Just over a year ago Psalm 133 was used as a devotion at the local minister’s association. It seemed relevant and poignant as here were a widely diverse group of church leaders gathering together, meeting regularly for fellowship over lunch…
It got me thinking, is this really what the Psalm is saying is the unity that commands God’s blessing? Or does it call for something deeper? It got me thinking about the psalms of ascent and what they might have to say, how they build to the point where this psalm about unity and community is the last, the climax, before there is a benediction and the collection finishes. They are important questions because as EM Blaiklock says, ‘humanity has seldom known Unity.’
The underlying image for unity in the first line of Psalm 133 is adult brothers with their own families living together, working the family farm, tending the family flocks. That was the corner stone of the Jewish agrarian society… But even then, scripture tells us that this image of brothers together isn’t always ideal. Just think of Cain and Abel, Jacob and Esau, joseph and his brothers, even Jesus had his brothers and family come and try and take him away from his messianic ministry, as they were concerned about his mental health.
At the heart of it of course is the realisation that our faith is not a private individual thing, rather that being called into a relationship with God is being called into community. Jesus was asked what is the greatest commandment, to which he replied to love the Lord Your God, with all our hearts and minds and souls, and was quick to add, before anyone could make it a private devotional thing, and love your neighbour as yourself. We proclaim that each time we gather together for worship, and demonstrate it as we show love to each other between times.
When you look at the Psalms of ascent there is a progression, a spiritual journey that lays the basis for that picture of unity amongst God’s people. It starts with a common discontent. A common journey, taken with the common protection and guidance of God. The realisation that we individually share the common experience of dependence on God, on his saving us from the traps and trials, We share common pains and sorrows and the common hope of God’s abiding presence and grace, that all good gifts come from God and his providence. Eugene Peterson sums it up by saying “how great to have everyone sharing a common purpose, travelling a common path striving towards a common Goal, that path and purpose being God.’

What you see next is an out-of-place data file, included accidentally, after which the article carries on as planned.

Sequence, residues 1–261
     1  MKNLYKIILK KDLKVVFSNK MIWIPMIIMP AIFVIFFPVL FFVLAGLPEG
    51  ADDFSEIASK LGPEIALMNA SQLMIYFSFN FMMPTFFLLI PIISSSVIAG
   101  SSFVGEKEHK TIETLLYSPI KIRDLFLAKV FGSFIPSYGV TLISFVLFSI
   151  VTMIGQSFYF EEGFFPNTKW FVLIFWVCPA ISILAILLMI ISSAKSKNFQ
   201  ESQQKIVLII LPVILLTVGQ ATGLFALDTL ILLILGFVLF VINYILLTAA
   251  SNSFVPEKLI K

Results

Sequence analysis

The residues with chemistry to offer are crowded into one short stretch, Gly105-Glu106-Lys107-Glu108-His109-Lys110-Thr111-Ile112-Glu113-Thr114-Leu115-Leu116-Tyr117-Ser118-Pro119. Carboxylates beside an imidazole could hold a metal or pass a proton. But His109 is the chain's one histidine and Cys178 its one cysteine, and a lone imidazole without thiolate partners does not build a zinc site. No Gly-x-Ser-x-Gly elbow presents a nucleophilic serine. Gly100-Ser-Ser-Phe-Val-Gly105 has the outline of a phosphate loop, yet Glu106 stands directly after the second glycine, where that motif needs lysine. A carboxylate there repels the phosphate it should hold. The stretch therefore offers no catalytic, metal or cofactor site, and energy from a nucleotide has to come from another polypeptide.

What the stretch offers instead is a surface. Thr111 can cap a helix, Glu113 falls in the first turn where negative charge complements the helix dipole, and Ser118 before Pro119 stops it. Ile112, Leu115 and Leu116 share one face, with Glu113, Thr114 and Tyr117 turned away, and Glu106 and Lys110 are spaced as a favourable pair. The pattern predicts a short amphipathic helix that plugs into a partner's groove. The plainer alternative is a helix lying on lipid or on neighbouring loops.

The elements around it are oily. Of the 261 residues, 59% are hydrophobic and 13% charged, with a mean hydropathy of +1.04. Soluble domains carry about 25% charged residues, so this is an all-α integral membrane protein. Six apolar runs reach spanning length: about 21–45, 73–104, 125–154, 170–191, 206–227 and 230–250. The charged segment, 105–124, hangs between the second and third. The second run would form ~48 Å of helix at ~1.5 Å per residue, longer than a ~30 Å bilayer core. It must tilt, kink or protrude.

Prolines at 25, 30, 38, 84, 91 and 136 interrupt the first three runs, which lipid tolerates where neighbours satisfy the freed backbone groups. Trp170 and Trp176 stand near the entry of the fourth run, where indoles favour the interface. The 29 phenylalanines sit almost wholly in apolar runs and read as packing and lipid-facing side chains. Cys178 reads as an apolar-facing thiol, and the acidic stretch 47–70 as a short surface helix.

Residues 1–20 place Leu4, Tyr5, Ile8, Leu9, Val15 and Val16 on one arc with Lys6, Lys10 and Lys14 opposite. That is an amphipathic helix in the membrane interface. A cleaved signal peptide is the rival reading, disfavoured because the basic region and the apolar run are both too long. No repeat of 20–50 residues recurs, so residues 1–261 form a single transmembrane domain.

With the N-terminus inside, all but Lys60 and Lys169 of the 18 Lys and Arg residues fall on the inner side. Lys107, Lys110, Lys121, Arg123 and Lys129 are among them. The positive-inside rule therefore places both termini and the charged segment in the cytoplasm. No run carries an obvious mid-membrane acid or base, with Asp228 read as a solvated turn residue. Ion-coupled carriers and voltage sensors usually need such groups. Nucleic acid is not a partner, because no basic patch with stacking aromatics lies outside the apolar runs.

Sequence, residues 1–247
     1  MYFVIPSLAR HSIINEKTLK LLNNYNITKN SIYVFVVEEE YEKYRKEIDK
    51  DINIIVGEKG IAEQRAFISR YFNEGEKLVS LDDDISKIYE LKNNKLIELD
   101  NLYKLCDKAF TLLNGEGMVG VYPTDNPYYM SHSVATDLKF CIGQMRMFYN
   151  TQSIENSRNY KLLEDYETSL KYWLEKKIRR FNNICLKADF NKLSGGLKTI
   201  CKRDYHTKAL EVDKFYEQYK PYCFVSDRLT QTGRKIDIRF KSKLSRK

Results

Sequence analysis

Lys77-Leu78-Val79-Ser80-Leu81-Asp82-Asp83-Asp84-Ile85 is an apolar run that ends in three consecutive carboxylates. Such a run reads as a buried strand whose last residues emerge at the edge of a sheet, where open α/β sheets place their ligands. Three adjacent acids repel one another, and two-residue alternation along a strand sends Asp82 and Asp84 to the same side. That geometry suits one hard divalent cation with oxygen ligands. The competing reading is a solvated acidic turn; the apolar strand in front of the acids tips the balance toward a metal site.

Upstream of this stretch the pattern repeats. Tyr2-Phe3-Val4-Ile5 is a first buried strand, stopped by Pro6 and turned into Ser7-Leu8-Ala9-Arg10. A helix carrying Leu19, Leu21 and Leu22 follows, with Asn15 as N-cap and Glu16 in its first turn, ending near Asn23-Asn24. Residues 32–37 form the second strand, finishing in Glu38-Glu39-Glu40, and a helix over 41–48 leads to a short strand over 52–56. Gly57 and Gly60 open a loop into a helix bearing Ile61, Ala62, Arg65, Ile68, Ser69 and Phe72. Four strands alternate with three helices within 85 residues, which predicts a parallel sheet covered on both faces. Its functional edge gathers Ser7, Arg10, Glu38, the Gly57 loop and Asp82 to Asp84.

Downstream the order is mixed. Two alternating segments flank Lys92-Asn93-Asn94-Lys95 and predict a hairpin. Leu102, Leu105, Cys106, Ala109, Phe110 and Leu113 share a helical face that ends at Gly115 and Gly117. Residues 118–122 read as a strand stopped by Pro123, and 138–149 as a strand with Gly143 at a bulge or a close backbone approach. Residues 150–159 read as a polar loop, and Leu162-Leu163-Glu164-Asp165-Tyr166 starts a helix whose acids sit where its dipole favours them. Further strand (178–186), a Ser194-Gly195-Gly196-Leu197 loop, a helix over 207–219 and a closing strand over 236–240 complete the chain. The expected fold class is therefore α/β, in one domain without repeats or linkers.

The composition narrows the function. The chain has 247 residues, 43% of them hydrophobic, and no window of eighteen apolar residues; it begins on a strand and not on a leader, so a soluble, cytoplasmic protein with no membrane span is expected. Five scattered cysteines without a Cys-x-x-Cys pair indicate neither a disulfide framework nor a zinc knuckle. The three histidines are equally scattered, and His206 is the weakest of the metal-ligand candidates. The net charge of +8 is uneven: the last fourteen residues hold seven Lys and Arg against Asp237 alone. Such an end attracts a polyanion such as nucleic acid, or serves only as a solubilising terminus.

AS Christians we share a common spiritual poverty, a common saviour, in Christ we from all over and everywhere have become sons and daughters of the most high God, we are filled by the same spirit, as Dietrich Bonhoeffer says, “our community with one another consists solely in what Christ has done.’
Of course, you just have to look at Church history to see that keeping that pleasant living together in unity takes hard and arduous work. Paul writes to the church in Corinth, which is beset by divisions and factions, He writes to the church in Philippi in part to encourage two church leaders who have fallen out to be reconciled. The Epistle to Philemon is asking for a runway salve to be reconciled to his master, because know both are beloved brothers and partners in the gospel. The rest of church history seems to follow a similar pattern and struggle.
Eugene Peterson suggests the two word pictures that psalm 133 uses to describe God’s people living together in unity give us insight in how to hold on and work at that Unity…
The image of oil being poured over the head of Aaron comes from Exodus 29, and is Aaron being ordained and anointed as a priest. We are a priesthood of all believers When we view the other person as a priest set aside for God and as God’s anointed our relationship is profoundly changed. They become people that God has bought into our lives to minister God’s grace and word to us. A source of God’s grace given in Christ.
If you’ve woken up on a camping trip and unzipped the tent and every blade of grass glistens and shines with the dew that has fallen over night, you are aware of the freshness and newness that the image of dew falling on Mt Hermon has. When we have the expectation that God will do new things in people’s lives there is the ability to have unity. In Christ’s abiding presence by the Holy Spirit that God is moving, making it possible to produce Christlike fruit, just as the dew on Hebron provides the water for the fertile parts of Israel.
The final line of this Psalm says the lord bestows his blessing even life for evermore… in our community of love in Christ we can catch a glimpse of life lived in eternity with God. We read the conclusion to Acts chapter 2 and the coming of the Holy Spirit and the result was a community where peace was established because right priorities and relationships were established. There was no want, there was shared joy and hospitality, God moved in their midst and people from outside came to know Christ. It’s a glimpse a foretaste of what eternal life is like. The best way to describe our triune God, our three in one, is as a community of love, three beings so in unity they can only be described as one, and salvation and eternal life is that we are welcomed into that community of love, with God and with each other, here on earth and for all time.
So my prayer is that we may grow in our love for one another as we grow in our love for Christ, and people will catch the vision of the kingdom of heaven in our midst.